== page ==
THE HALF DECENT FOOTBALL MAGAZINE

The Icelanders have only been in charge at Upton Park for a few weeks, but it’s already getting frosty. Darron Kirkby examines the small print on a deal that promised rather more than it has delivered

When the directors of West Ham United accepted WH Holding’s offer to buy the club for £85 million on November 21, Hammers fans breathed a sigh of relief that the focus could return to the relegation battle. On paper, the deal sounded good. Not only was the Icelandic consortium taking on the club’s £23m debt, but it was pledging a £40m war chest for Alan Pardew to spend in the January transfer window.

The club had been at the centre of rumours about a takeover by Media Sports Investment (MSI) for months. This intensified when Carlos Tévez and Javier Mascherano, whose registrations are owned by former MSI president Kia Joorabchian, moved to E13 in mysterious circumstances in August. But while MSI seemed unwilling to pay the asking price, rival consortia entered the picture. A group of English businessmen fronted by Tony Cottee was rumoured to be sniffing around, but it was a consortium fronted by “biscuit baron” Eggert Magnusson, who was head of the ­Icelandic FA and a ­member of the UEFA executive committee, that emerged as the main rival.

West Ham chairman Terry Brown seemed reluctant to countenance the Icelandic bid at first, but MSI’s quibbling about the price, and support for Magnusson from within UEFA and FA, saw him allow the consortium to carry out due diligence on the club’s accounts. Magnusson is backed by Björgólfur Gudmundsson, chairman of the Icelandic bank Landsbanki, who now owns a 95 per cent stake in West Ham.

Brown has been heavily criticised for selling the products of the West Ham ­academy and not investing his own money in the club. He has certainly done very nicely from the takeover: not only has he received £33.4m for his stake in the club, but he is staying on as deputy vice-chairman on his chairman’s salary of £492,000 a year until at least 2009. He gets eight seats in the directors’ box and even continues to earn bonuses of up to £400,000, depending on the team’s achievements. But he is a West Ham man, and perhaps his initial reticence to entertain the Magnusson bid was the result of the financial complexities of the WH Holding deal.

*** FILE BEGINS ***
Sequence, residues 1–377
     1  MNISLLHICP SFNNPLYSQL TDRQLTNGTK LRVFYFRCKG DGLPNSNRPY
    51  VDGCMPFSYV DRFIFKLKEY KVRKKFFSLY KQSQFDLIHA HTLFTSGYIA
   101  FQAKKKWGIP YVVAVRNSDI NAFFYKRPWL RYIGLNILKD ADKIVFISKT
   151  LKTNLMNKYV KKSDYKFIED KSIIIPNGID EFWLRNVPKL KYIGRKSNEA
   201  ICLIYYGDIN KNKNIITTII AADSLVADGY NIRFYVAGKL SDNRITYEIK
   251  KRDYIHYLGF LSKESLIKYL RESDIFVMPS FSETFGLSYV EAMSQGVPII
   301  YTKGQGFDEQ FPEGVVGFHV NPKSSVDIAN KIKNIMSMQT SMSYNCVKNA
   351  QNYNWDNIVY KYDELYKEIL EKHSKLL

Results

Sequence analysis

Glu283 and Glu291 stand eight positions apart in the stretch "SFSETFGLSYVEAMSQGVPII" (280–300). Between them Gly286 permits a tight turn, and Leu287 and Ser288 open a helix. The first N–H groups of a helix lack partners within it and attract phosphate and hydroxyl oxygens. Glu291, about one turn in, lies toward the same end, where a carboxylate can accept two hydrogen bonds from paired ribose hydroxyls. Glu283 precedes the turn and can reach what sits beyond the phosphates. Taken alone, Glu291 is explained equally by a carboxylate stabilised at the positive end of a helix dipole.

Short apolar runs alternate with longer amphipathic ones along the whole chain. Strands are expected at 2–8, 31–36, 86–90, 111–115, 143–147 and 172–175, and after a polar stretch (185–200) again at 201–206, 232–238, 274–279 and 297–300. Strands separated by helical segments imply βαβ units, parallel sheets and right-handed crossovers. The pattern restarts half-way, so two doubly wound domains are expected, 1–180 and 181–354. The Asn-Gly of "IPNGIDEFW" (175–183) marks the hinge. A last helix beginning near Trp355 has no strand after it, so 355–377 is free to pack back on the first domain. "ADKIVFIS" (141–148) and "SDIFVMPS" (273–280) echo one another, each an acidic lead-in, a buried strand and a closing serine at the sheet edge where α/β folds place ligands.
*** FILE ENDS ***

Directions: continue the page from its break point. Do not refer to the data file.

The Icelandic company has put up £100m, of which £85m has gone straight into the pockets of the shareholders. The costs of preparing the bid and employing solicitors and accountants has been estimated at £5m, while former managing director Paul Aldridge, who left immediately, and Alan Pardew have had to be paid off. Another £23m is required for ­existing debt, such as outstanding payments to Norwich for Dean Ashton. The £100m investment took the form of new shares in the club, otherwise known as “loan notes”. But, as their name implies, these have to be repaid. In effect, the club are paying for their own takeover through a £100m loan repayable over ten years, with £5m a year in interest – £150m in total.

Gudmundsson will either repay himself the full amount he paid for the club or can sell the loan notes to new investors. None of the loan notes has yet been disposed of, but Magnusson has admitted they are seeking new investors to help pay off the club’s mounting debts. There have been rumours that the real funding for the takeover has come from Russia and conspiracy theorists are already whispering that there is a Mr Big pulling the strings at Upton Park, who was behind the sacking of Pardew. Dropping out of the Premiership with such huge debts would be unthinkable, so such a theory could help explain Magnusson’s and Gudmundsson’s declaration of support for Pardew just four days before he was sacked.

Magnusson has said that there is no intention of paying dividends for the next few years and that investors will receive a payout only if the club’s commercial success warrants it. He has also assured fans that the takeover of West Ham is in no way secured against the club’s assets and that the club have no repayment obligations in relation to the financing of the deal. But Magnusson also pledged not to sack Pardew – and within ten days Alan Curbishley had his feet under the manager’s desk.

Curbishley, meanwhile, must be rubbing his hands at the prospect of spending a rumoured £40m in the transfer window. But the balance from the £100m “loan” is only about £10m – and half of this is needed each year to finance the loan. So raising such a war chest will require more loan notes, more borrowing and more debt. Magnusson’s plan to convert the Olympic stadium in Stratford into the club’s new home after 2012 will not come cheap, either. Sometimes you just have to look a gift horse in the mouth.

From WSC 24o February 2007. What was happening this month

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